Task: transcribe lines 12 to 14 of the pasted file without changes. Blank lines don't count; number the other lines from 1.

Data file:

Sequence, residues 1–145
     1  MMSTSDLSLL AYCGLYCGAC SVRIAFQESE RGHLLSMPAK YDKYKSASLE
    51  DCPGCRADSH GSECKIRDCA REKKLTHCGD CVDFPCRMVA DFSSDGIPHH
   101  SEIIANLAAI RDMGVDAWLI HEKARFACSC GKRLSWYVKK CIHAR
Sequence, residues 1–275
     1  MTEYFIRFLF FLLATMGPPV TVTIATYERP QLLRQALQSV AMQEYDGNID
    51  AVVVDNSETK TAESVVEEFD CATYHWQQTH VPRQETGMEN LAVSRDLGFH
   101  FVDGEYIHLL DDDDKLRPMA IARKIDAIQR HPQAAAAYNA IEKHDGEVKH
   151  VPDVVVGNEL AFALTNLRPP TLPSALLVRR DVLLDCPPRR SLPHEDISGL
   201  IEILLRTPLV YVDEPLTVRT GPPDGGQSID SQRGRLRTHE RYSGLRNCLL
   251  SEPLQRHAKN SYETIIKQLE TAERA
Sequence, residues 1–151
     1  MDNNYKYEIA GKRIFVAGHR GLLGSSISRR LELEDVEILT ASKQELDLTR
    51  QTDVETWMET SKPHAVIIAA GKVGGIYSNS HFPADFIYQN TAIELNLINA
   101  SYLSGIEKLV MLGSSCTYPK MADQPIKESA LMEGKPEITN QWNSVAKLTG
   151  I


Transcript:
Sequence, residues 1–151
     1  MDNNYKYEIA GKRIFVAGHR GLLGSSISRR LELEDVEILT ASKQELDLTR
    51  QTDVETWMET SKPHAVIIAA GKVGGIYSNS HFPADFIYQN TAIELNLINA